Human Right #12:
Right to Privacy

Article 12 No one shall be subjected to arbitrary interference with his privacy, family, home or correspondence, nor to attacks upon his honour and reputation. Everyone has the right to the protection of the law against such interference or attacks.

Human Right #13:
Freedom to Move

Article 13 Everyone has the right to freedom of movement and residence within the borders of each state. Everyone has the right to leave any country, including his own, and to return to his country.

Human Right #14:
Right to Asylum

Article 14 Everyone has the right to seek and to enjoy in other countries asylum from persecution. This right may not be invoked in the case of prosecutions genuinely arising from non-political crimes or from acts contrary to the purposes and principles of the United Nations.

Human Right #15:
Right to a Nationality

Article 15 Everyone has the right to a nationality. No one shall be arbitrarily deprived of his nationality nor denied the right to change his nationality.

Human Right #16:
Marriage and Family

Article 16 Men and women of full age, without any limitation due to race, nationality or religion, have the right to marry and to found a family. They are entitled to equal rights as to marriage, during marriage and at its dissolution. Marriage shall be entered into only with the free and full consent of the intending spouses. The family is the natural and fundamental group unit of society and is entitled to protection by society and the State.

Human Right #17:
Right to Ownership

Article 17 Everyone has the right to own property alone as well as in association with others. No one shall be arbitrarily deprived of his property.

Human Right #18:
Freedom of Thought

Article 18 Everyone has the right to freedom of thought, conscience and religion; this right includes freedom to change his religion or belief, and freedom, either alone or in community with others and in public or private, to manifest his religion or belief in teaching, practice, worship and observance.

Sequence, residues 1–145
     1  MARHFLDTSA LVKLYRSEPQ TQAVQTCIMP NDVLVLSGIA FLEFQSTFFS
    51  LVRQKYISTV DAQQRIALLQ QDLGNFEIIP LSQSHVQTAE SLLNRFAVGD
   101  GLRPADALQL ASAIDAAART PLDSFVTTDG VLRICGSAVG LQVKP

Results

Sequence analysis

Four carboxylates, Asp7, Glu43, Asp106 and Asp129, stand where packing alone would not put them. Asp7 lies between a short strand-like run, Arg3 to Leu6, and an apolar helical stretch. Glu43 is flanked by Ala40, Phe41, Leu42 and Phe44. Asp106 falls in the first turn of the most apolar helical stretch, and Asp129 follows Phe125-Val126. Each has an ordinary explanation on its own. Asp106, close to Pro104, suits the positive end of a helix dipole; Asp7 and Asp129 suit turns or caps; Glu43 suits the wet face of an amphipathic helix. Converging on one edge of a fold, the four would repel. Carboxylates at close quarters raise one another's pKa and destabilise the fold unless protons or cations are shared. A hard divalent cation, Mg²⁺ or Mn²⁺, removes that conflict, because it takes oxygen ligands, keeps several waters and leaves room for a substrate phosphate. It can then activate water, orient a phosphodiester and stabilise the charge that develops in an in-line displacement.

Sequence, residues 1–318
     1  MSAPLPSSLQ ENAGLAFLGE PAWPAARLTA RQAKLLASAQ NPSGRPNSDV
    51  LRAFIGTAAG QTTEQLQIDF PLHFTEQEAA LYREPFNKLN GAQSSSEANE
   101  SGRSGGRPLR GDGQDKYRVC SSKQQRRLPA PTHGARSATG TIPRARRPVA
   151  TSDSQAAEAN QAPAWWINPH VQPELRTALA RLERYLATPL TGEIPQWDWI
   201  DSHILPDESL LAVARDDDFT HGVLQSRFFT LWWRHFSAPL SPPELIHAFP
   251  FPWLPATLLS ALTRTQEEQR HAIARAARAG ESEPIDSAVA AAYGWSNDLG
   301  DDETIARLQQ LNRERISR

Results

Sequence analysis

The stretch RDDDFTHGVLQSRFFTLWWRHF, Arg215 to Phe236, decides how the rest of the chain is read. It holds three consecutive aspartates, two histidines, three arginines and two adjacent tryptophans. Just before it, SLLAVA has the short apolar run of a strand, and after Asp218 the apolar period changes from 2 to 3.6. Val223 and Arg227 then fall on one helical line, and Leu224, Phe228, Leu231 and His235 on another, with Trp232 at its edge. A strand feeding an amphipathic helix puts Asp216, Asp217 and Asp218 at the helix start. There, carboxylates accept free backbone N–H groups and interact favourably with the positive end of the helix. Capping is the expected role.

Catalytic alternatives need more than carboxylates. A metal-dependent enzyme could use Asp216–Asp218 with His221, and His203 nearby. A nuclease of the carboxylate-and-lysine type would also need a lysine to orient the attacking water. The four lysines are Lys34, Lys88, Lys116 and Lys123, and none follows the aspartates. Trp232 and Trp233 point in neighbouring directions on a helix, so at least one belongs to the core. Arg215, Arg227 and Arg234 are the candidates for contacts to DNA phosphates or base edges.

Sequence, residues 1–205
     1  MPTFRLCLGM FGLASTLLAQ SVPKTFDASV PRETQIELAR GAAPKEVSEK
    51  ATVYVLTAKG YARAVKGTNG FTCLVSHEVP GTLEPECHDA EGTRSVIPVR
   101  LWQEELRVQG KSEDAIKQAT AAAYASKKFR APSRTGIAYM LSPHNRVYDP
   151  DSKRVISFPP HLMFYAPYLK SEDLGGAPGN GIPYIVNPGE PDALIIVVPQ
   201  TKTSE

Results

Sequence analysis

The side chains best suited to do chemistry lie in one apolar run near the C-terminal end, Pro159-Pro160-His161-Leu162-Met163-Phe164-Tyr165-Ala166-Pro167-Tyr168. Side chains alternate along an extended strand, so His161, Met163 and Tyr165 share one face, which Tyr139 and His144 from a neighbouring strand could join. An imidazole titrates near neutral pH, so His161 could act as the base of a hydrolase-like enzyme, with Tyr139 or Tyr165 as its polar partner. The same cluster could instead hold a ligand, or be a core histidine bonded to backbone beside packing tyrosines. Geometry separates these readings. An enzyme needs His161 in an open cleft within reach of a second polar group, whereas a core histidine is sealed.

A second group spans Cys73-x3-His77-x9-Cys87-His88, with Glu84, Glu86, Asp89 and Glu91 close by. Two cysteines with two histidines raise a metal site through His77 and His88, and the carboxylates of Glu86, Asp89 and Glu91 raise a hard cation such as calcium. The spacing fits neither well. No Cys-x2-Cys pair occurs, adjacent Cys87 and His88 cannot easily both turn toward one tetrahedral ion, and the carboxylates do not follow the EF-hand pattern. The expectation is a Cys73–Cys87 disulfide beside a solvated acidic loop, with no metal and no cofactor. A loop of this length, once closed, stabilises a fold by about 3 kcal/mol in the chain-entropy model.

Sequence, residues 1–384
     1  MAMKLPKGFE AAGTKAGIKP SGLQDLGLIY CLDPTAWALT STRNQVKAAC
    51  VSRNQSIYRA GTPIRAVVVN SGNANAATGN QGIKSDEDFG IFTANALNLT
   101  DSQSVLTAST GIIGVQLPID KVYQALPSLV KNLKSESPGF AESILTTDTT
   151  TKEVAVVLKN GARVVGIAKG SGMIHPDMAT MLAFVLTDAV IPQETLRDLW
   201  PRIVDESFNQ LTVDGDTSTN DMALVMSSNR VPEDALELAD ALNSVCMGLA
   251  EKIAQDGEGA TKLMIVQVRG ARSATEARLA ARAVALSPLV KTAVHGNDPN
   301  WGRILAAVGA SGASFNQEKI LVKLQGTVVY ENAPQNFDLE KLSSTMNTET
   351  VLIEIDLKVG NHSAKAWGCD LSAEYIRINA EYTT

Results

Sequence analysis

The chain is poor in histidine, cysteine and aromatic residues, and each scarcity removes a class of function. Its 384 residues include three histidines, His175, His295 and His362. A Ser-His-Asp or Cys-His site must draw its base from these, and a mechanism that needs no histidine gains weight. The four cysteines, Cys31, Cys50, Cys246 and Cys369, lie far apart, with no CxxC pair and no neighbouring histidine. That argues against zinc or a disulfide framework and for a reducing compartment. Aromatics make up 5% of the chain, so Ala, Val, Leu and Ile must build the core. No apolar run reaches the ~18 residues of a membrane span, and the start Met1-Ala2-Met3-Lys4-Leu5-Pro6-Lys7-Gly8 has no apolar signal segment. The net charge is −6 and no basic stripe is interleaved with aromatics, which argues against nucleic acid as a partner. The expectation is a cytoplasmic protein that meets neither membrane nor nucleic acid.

Human Right #19:
Freedom of Expression

Article 19 Everyone has the right to freedom of opinion and expression; this right includes freedom to hold opinions without interference and to seek, receive and impart information and ideas through any media and regardless of frontiers.

Human Right #20:
Right to Assembly

Article 20 Everyone has the right to freedom of peaceful assembly and association. No one may be compelled to belong to an association.

Human Right #21:
Right to Democracy

Article 21 Everyone has the right to take part in the government of his country, directly or through freely chosen representatives. Everyone has the right of equal access to public service in his country. The will of the people shall be the basis of the authority of government; this will shall be expressed in periodic and genuine elections which shall be by universal and equal suffrage and shall be held by secret vote or by equivalent free voting procedures.

Human Right #22:
Social Security

Article 22 Everyone, as a member of society, has the right to social security and is entitled to realization, through national effort and international co-operation and in accordance with the organization and resources of each State, of the economic, social and cultural rights indispensable for his dignity and the free development of his personality.

Human Right #23:
Worker’s Rights